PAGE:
Initially our research showed it was a battery issue. So, we spend weeks playing with charging dock positions, cleaning the charge contacts, etc. and nothing seemed to stick.
After a while I had a guess that it was due to hair/fur accumulation in the beater brush and after giving it a thorough cleaning, I was really happy to see the robots perform again good as new.
All it takes is removal of four tiny phillips screws (Update on 6/20/2019 – You don’t actually have to unscrew the clean that piece, it’s not critical), and a flathead screw driver to help with removing the front wheel. I shot a video of me cleaning one of our Deebot N79 vacuums for you to see.
Hope this helps and keeps your Deebot working for many years to come and out of the landfill!
*Update on 6/20/2019* – One of our three Deebots actually stopped working, even after thorough cleaning. I logged a ticket with Ecovacs support and after going through some basic troubleshooting, they authorized me to send it back for a warranty replacement. But, before going through that hassle, honestly, just try thoroughly cleaning your Deebot and you may be surprised!*
In our Puppy Socialization classes, one of the lessons we try to teach new puppy owners is how to recognize the signs of appropriate and healthy play between dogs.
On one hand, we have some owners that are “helicopter parents” and at the onset of anything more physical than polite sniffing, they feel like their dogs are in mortal danger.
On the otherhand, we have some owners who believe their dog who is bullying or over-aroused is just playing with good intentions, and we are being too uptight. “Let dogs be dogs, let them work it out”, they’d say.
As instructors, our job is to either help those who are worried feel safe that their dog is having a good time – yes that includes facial and ear nips and tumbling and wrestling.
Our job is also to identify when a dog is getting overaroused, or is *not* picking up on the cutoff (please stop!) signals of other dogs and to interrupt or time-out.
To help our students (and anyone, anywhere!) we commissioned Hyedie Hashimoto to create an infographic. Please download a copy and print it off for your dog training facility, dog daycare, dog park – wherever it might be useful!
A couple of weeks ago I received an email from Gary and Bill, past students of ours…
Back at the end of February 2017, you may recall, you came over to our house to help us with Sandy, whom we rescued in November. He was a terrified little guy – frightened of everything and everyone.
Sadly we lost our Sandy on Tuesday November 21st from his congestive heart failure. We are heart-broken … but Sandy left this world a very confident dog; his fears, for the most part, a thing of the past. No more barking at cars, noises, other dogs or people. In large part we have you to thank for this- for teaching us how best to help him.
As we now reflect on the final year of his life he spent with us, we wanted you to know how much we appreciated all your help and guidance with Sandy. And we know, Sandy thanks you too.
Gary, Bill & Joey
Gary and Bill adopted Sandy just a year ago at the ripe old age of 9 years. In the year they cared for him, they not only gave him a loving home but also the gift of confidence. He used to bark and lunge at any dog or person on the street. But thanks to their hard work and commitment to desensitization and counter-conditioning, by this past summer, Sandy was able to take classes with us and meet people and dogs at the school and in their neighbourhood.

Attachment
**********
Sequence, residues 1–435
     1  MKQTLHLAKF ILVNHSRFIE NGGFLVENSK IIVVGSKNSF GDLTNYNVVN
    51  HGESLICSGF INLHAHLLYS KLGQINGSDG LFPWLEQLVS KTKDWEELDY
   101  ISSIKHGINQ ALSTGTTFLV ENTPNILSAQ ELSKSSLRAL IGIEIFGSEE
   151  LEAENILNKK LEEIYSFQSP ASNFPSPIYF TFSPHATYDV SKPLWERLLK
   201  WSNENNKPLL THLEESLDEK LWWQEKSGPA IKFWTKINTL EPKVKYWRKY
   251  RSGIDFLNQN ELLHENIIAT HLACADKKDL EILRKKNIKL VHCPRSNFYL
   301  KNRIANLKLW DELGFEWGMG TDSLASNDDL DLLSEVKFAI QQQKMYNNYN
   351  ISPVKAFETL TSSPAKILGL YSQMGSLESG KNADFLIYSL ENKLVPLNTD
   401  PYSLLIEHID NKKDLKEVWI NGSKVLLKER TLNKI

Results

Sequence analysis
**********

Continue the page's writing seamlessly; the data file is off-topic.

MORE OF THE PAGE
Please consider not only adopting and rescuing your next dog, but also consider taking a second look at the older ones too. Of all the dogs in need of homes, they need our compassion the most. They often gave their unconditional love to their owners only to find themselves abandoned in their final years. So, like Gary and Bill, let’s help and make a senior dog’s final years the best ones.
I started When Hounds Fly Dog Training in January 2010 as an experiment to see whether dog training services – specifically, centered around Clicker Training, could become a full-time career for me.
At the time, most of the dog training schools operating in Toronto were part-time businesses, where the instructors drew their primary income from either white-collar day jobs, or made the majority of their income through other dog-related services (such as dog walking).
Fast forward to 2017 and When Hounds Fly now has four employees (if you include myself), three of whom work full time, doing dog training and behaviour consulting. So, the experiment paid off!
Our Past Instructors
One of the biggest challenges I’ve faced in growing this company is finding qualified people that met my high standards for instructors. In the early days, I was extremely lucky and qualified people found me. My early part-time instructors came already knowledgeable, already experienced, no training or skills development required.
By 2014, I realized that the odds of just finding qualified people who would apply for either part or full-time positions as instructors were extremely low. So, I turned my attention towards helping mentor and coach people who were passionate about our mission, so that in the end, they could hopefully be instructors at our school.
Katie and Verena were the first two people that I can say that I taught everything I knew to. All the insight and experience I had accumulated to date, I tried my best to impart to them to help them become as complete as possible. They have both since moved away from Toronto and I know they are out there doing excellent work in the field.
From 2016 onwards, I’ve been focusing my energies on personally developing talented people to help meet the needs of our community.
Now, having spent years working with people and mentoring them, my goal is to transition towards developing qualified dog training professionals in-house.